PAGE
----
Bernards Township Police Department and Municipal Alliance Join the Effort.

Community in Crisis, in partnership with the Bernards Township Municipal Alliance, announced that the 14th National Prescription Drug Take-Back will take place Saturday, October 28th from 10 am-2 pm at the Bernards Township Police Department. Residents can take advantage of a drive-through drop off at the Police Department at 1, Collyer Lane in Basking Ridge.  Accepted items include solid medications, pills, patches, inhalers, and similar objects. Medical waste (including oxygen tanks) or syringes cannot be accepted.

As with previous Take-Back events, sites will be set up throughout communities nationwide so local residents can return their unwanted, unneeded, or expired prescription drugs for safe disposal. The National Prescription Drug Take-Back addresses a vital public safety and public health issue by focusing on removing potentially dangerous drugs from our nation’s homes, and providing an opportunity for the public to surrender expired, unwanted, or unused pharmaceuticals and other medications to law enforcement officers for proper disposal. “Rates of prescription drug abuse in the U.S. are disturbingly high,” said Dr. Gail Granowitz, an anesthesiologist and co-chair of the Community in Crisis physicians’ task force. “Home medicine cabinets that contain unused and expired prescription medicines are particularly susceptible to misuse or abuse. In conjunction with the Drug Enforcement Administration’s national effort, we’re focused on the proper, safe disposal of all types of controlled, non-controlled, and over the counter medications.” Officer Tracy Baldassare, Bernards Township Police Department, added that the program is strictly confidential. “No questions or requests for identification will be made by law enforcement personnel present,” she said. “In fact, participants are asked to remove any personal information from bottles or packages.”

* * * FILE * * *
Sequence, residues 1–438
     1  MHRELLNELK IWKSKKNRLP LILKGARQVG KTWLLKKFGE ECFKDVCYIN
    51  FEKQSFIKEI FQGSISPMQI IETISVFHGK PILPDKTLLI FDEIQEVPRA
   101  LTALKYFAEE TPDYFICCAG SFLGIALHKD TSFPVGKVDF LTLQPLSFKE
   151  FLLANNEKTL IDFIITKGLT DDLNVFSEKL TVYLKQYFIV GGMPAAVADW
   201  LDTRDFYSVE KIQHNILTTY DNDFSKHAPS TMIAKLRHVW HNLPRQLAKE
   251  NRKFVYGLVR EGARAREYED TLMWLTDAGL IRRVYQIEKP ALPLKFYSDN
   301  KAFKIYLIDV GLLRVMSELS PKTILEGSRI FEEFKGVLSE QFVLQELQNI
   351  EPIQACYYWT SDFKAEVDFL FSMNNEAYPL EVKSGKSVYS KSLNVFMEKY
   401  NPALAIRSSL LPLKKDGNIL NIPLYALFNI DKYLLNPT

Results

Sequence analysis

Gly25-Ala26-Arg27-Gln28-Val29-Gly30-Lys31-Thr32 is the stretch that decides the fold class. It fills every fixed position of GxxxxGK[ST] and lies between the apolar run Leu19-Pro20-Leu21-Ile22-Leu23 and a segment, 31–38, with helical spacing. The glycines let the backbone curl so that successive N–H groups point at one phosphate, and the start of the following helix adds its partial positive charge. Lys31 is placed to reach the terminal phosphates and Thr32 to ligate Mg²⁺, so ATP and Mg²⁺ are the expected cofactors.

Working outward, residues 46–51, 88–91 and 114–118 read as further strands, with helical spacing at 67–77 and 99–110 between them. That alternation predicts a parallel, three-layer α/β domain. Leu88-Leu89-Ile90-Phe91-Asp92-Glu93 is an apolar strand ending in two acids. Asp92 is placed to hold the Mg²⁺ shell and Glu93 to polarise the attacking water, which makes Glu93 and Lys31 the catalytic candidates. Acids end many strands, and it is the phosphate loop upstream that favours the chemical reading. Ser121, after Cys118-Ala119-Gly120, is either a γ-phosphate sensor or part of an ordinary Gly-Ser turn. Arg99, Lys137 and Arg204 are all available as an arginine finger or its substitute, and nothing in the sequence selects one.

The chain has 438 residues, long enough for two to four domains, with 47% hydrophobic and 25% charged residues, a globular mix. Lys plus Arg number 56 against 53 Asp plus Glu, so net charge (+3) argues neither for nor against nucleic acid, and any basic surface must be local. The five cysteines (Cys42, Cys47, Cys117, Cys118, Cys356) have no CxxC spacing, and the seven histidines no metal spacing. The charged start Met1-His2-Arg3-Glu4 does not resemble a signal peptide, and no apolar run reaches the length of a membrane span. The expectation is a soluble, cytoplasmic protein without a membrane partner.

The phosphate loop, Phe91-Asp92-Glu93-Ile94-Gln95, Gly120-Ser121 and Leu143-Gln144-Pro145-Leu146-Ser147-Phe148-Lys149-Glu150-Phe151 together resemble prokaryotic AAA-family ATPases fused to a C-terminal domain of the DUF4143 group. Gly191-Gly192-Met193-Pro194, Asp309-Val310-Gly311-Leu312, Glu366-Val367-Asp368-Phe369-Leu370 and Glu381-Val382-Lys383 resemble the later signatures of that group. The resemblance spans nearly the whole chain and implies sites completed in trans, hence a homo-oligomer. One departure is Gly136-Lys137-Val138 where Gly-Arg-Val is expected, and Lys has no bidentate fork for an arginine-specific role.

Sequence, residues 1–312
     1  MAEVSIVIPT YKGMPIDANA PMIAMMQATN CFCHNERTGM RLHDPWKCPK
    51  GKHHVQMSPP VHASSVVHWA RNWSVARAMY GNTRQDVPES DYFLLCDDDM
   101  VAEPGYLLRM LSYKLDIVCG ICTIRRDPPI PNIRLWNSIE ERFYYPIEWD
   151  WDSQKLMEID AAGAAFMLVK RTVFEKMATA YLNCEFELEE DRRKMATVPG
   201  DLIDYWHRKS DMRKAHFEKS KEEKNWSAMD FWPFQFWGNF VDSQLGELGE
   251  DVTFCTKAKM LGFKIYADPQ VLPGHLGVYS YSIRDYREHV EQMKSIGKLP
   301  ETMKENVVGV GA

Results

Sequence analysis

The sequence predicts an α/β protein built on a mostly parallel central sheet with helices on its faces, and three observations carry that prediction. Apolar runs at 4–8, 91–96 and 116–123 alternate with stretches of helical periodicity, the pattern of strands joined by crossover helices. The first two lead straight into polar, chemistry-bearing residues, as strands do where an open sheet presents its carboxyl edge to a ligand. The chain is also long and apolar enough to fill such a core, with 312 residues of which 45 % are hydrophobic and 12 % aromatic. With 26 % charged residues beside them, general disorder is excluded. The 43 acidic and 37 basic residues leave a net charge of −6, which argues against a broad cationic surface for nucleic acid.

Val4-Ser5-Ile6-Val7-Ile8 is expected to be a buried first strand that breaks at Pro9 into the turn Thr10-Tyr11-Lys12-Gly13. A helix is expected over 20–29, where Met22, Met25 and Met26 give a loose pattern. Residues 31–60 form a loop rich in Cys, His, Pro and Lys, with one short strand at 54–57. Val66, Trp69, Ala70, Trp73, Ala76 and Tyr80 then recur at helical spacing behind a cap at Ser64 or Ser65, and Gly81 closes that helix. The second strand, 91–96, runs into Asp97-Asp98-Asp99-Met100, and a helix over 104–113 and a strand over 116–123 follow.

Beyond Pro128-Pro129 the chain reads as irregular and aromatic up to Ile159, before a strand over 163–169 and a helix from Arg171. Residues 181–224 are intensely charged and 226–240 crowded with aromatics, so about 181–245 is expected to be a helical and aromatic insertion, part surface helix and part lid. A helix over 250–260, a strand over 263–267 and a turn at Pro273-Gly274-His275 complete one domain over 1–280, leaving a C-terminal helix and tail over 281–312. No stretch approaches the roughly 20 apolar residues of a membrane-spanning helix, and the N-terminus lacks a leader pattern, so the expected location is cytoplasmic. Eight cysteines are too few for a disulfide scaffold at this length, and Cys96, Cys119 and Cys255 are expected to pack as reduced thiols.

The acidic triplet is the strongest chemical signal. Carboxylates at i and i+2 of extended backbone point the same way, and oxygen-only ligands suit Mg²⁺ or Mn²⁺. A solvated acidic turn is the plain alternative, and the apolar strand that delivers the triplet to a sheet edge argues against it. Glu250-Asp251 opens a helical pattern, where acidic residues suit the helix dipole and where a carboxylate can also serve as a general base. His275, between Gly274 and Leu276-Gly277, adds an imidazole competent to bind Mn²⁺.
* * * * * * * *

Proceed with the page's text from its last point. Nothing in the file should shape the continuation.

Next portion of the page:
According to a recent Substance Abuse and Mental Health Administration’s National Survey on Drug Use and Health, an estimated 6.5 million Americans currently abuse prescription drugs. According to the Partnership for a Drug Free America, approximately 2,500 teens use prescription drugs daily to get high for the first time.

Community in Crisis began in 2013 following the overdose deaths of two young adults in the Somerset Hills community. The organization, a coalition of community agencies, organizations, schools, churches and concerned citizens, offers bi-weekly support groups for families struggling with addiction, innovative educational opportunities in the school environment, medicine take-back days, town hall meetings, and more. Additionally, Rutgers Ernest Mario School of Pharmacy and the Horizon Foundation have partnered with Community in Crisis to produce and scale out an evidence-based community toolkit for implementation by communities across NJ.

For more information or to get involved, please contact Community in Crisis at info@communityincrisis.org.